The humble bike is not only a key weapon in the fight against climate change – it also has the power to transform our health and even how we think about urban planning. In the wake of COP26, should we be focusing on bikes instead of electric cars?
Mel Young: I was in Glasgow last week at an event which was titled “The Power of the Bike” as part of the COP26 fringe. It was a fascinating discussion because it moved quickly away from the mantra that more people should ride a bike. In terms of climate change, it is obvious that it is better to ride a bike than drive a car but riding a bicycle has many other implications. But if we are to become more focused on the bike then we need a culture shift. People in cities don’t feel safe cycling in the streets, so to make it safe, urban planning needs to change, for example. We need to have changing facilities if we cycle to work; schools could be hubs for cycling; health objectives could be set around cycling and so on. But it needs a real shift in thinking and hence action.
Alex Matthews: Yes it’s such an interesting topic – as you say, it goes far beyond just the fact that we all need to use our cars less, and therefore cycling is a great option. Urban planning is the big one I think. I live in London and I cycle to the office, which is about 12km each way. I’m relatively lucky in that there are cycle paths for most of that – but it does still feel unsafe, particularly when the cycle lane is shared with the bus lane, for example. And I also worry about what I’m breathing in as I cycle – obviously it’s meant to be the healthier option, but I think the traffic fumes I’m inhaling probably negate any benefits from the exercise! Amsterdam and Copenhagen are known as cycling cities, as opposed to the car-focused UK and US cities; we could learn a lot from them about how to plan our cities so that they favour bikes over cars. However, they have been doing this for much longer; in the UK and US we’ve been planning our cities around cars for decades, so it won’t be as straightforward as simply replicating Dutch and Danish policies.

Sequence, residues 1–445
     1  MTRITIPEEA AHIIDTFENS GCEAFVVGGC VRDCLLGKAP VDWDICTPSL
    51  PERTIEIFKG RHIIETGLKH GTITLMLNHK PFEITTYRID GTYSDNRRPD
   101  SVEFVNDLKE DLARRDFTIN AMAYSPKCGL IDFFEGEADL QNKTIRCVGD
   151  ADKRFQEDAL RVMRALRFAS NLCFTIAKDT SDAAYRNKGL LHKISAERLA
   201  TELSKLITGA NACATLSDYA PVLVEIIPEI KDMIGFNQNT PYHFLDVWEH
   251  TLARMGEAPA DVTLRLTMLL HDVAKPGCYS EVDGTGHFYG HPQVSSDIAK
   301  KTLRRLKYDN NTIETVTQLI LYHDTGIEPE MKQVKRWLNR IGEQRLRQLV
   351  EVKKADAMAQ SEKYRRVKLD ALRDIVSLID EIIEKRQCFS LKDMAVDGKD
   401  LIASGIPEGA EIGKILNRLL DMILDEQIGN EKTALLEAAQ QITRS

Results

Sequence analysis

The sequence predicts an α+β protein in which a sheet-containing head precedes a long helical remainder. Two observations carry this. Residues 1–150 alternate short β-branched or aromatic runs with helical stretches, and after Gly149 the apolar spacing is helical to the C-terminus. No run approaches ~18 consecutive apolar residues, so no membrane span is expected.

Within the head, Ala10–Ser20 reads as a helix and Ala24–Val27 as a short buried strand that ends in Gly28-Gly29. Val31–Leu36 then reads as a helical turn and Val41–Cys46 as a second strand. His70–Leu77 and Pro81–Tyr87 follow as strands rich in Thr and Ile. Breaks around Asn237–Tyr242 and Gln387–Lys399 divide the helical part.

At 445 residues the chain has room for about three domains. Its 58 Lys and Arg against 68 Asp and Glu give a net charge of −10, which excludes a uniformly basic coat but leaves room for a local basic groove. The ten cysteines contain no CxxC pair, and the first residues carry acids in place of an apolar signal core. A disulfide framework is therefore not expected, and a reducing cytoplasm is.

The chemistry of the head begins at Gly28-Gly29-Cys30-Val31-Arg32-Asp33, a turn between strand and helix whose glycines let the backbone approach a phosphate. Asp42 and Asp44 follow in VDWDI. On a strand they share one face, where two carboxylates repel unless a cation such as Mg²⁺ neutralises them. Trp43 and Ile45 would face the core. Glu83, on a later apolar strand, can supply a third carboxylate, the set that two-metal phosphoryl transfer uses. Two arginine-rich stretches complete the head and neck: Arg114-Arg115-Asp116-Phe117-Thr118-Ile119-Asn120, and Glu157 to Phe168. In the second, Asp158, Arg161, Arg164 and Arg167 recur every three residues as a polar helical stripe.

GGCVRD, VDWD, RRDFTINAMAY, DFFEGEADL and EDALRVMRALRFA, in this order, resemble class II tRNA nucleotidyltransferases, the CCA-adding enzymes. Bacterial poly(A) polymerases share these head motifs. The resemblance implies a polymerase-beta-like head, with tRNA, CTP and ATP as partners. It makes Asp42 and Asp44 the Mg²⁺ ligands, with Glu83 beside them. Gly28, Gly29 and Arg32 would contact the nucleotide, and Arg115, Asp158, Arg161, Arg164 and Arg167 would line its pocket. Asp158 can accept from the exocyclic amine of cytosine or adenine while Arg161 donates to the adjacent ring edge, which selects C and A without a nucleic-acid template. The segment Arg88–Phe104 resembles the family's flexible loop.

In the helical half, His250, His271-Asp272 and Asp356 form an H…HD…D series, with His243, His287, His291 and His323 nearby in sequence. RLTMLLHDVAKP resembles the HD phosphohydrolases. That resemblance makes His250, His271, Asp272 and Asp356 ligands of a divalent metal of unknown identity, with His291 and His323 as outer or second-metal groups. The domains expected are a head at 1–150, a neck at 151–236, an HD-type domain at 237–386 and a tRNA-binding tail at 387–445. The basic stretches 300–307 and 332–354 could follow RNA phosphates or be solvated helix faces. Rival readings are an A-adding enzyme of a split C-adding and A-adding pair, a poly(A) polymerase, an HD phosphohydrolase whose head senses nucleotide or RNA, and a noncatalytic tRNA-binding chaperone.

MY: Yes, I agree, I don’t think we can replicate what is going on in one country or one city because each city has its own geography and character. Amsterdam is flat, for example, but I do think the central message can be the same where authorities recognise the power of the bike and design cities that are bike-friendly rather than car-friendly. To me the big barrier is safety. I remember, years ago, listening to a transport expert and environmentalist who simply explained that if you build a road, cars will drive on it. At the time, they were building the Edinburgh City Bypass which seemed like a good idea because it would take traffic out of the centre. But he was against it and no one understood why at the time. But very quickly the Bypass became a traffic jam, and remains so to this day. He was right. So, by the same argument, my view would be that if you build safe cycle paths across cities then people will start using them. I think the demand is there.